James Ryan, agoraphobic narrator of my collection's title story, structures his long, solitary days with the comedy records of Bob Newhart. He is obsessed with Newhart's storytelling ability, the best example of which is a one-sided-phone-call bit entitled "Abe Lincoln vs. Madison Avenue." The routine—in which Newhart plays a smarmy press agent advising a somewhat dim Lincoln just before he delivers the Gettysburg Address—helped to propel Newhart's debut album to #1 on the Billboard charts. When his follow-up album was rushed to market, Newhart had the #1 and #2 albums on the charts for two weeks. That record stood until 1991, when Guns ‘n' Roses released Use Your Illusion I and II. When informed that his record for consecutive weeks in the #1 and #2 slots had fallen to Axl Rose and company, Newhart uttered one of my favorite deadpan lines, transcribed here from his autobiography: "Well, you hate to lose a record, especially when you don't know you hold it, but at least it went to a friend."
"Faithfully" – Journey
When he returns home to his parents' basement from his nightly visits to an indie-rock club, Brian, the shy, thirty-something graphic designer who narrates "The Regular," analyzes track-by-track performances of pop songs using the powerful audio software on his computer. A song's individual tracks—an isolated recording of the drums, another of the bass, another of the lead vocals—are very difficult to find, even in the age of file sharing, so when Brian finds the individual tracks of Journey's "Faithfully," he pounces on them. Brian's scrutiny of the song's lead-vocal track alongside a recording of his own impromptu karaoke rendition confirms what Brian has always suspected: that his seldom-used singing voice, by coincidences of pitch and timbre, is almost exactly the same as that of Journey frontman Steve Perry. "The Regular" is about many things, but one of them is the idea that having a voice just like Steve Perry's is a kind of blessing and a kind of curse.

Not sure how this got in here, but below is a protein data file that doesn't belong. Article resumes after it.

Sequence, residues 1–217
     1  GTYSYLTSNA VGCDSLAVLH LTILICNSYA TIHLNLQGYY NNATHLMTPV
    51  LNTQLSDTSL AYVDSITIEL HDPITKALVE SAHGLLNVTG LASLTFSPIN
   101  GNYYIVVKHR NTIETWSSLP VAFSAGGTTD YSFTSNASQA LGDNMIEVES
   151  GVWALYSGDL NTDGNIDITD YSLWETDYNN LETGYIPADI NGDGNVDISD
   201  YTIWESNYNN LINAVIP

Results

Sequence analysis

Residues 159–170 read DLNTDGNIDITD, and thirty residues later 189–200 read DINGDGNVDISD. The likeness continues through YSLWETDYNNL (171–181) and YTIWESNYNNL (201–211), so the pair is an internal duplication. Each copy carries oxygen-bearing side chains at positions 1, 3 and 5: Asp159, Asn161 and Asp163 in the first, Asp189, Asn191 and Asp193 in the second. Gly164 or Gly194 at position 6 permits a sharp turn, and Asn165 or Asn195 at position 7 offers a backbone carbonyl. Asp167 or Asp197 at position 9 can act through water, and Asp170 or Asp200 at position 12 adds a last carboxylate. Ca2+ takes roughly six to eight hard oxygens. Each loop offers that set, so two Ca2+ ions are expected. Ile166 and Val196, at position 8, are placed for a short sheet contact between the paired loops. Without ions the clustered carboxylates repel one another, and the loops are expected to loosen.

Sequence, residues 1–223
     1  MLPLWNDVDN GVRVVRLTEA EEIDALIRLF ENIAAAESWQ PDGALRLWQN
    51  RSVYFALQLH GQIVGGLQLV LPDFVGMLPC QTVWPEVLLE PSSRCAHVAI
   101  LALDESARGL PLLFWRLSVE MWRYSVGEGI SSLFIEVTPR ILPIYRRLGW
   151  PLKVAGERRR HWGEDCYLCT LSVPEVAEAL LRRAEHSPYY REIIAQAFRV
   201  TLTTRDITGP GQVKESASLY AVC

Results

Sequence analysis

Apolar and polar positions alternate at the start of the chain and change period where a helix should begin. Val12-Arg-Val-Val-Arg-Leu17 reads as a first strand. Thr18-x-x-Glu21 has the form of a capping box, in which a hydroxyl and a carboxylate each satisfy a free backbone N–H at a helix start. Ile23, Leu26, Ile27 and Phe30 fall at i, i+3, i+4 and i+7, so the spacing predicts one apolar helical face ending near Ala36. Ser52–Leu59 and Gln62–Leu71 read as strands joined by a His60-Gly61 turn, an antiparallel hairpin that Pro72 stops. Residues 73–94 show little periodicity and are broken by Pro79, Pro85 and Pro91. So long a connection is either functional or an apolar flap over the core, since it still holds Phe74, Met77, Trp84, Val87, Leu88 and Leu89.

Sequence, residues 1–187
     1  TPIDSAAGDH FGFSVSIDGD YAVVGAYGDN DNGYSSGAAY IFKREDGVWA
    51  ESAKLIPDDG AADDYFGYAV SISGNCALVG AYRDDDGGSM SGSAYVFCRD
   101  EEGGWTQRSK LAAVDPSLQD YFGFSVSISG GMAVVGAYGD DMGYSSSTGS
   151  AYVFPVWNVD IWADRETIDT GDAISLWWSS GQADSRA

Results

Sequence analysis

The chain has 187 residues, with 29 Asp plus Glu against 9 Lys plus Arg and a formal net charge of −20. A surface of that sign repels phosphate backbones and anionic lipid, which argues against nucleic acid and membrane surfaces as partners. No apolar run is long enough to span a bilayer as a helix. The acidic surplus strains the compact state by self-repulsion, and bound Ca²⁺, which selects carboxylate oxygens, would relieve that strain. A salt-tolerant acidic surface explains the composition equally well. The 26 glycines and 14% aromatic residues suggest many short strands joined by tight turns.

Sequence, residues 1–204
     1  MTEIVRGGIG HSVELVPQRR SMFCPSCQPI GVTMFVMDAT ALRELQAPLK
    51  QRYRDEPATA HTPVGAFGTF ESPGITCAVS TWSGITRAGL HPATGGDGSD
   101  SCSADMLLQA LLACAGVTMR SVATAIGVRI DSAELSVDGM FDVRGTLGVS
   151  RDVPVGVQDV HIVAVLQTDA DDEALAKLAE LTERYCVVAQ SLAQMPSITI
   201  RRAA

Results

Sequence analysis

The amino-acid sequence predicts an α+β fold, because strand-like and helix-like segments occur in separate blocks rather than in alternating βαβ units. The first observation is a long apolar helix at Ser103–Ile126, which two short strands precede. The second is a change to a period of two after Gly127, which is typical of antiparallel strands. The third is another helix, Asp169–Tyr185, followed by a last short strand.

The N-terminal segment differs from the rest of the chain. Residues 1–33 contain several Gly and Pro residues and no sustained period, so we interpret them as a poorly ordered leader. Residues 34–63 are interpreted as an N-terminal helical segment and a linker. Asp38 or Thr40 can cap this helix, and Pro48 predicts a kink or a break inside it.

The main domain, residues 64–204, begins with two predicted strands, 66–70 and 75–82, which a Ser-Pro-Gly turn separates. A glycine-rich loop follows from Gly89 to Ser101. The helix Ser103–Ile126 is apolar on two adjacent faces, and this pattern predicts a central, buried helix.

"Song Against Sex" – Neutral Milk Hotel
Jeff Mangum's lo-fi manifesto "Song Against Sex" can be played with exactly two chords. The moment I realized this, I was dumbfounded—how could a song that simple lack nothing in sound and overflow with nervous, Southern-grotesque emotion? That Kool-Aid of simplicity and feeling makes "Song Against Sex" a likely favorite of novice guitarists like Kyle, protagonist of the story "Thingless," who decides two weeks before starting high school that he needs a "thing," and that playing guitar is the thing for him. But, to be honest, I knew I would write about "Song Against Sex" before Kyle and his neighbor—the sad, attractive and slightly older Starlee—existed even in my imagination. The song's rawness and bounce and emotion had saturated me and I wanted to put some of what it made me feel into fiction. "Thingless" isn't a story without Kyle and Starlee and what goes on between them, but Kyle and Starlee probably wouldn't have come to be if I'd never heard "Song Against Sex."
Dave Reidy and Captive Audience links:
also at Largehearted Boy: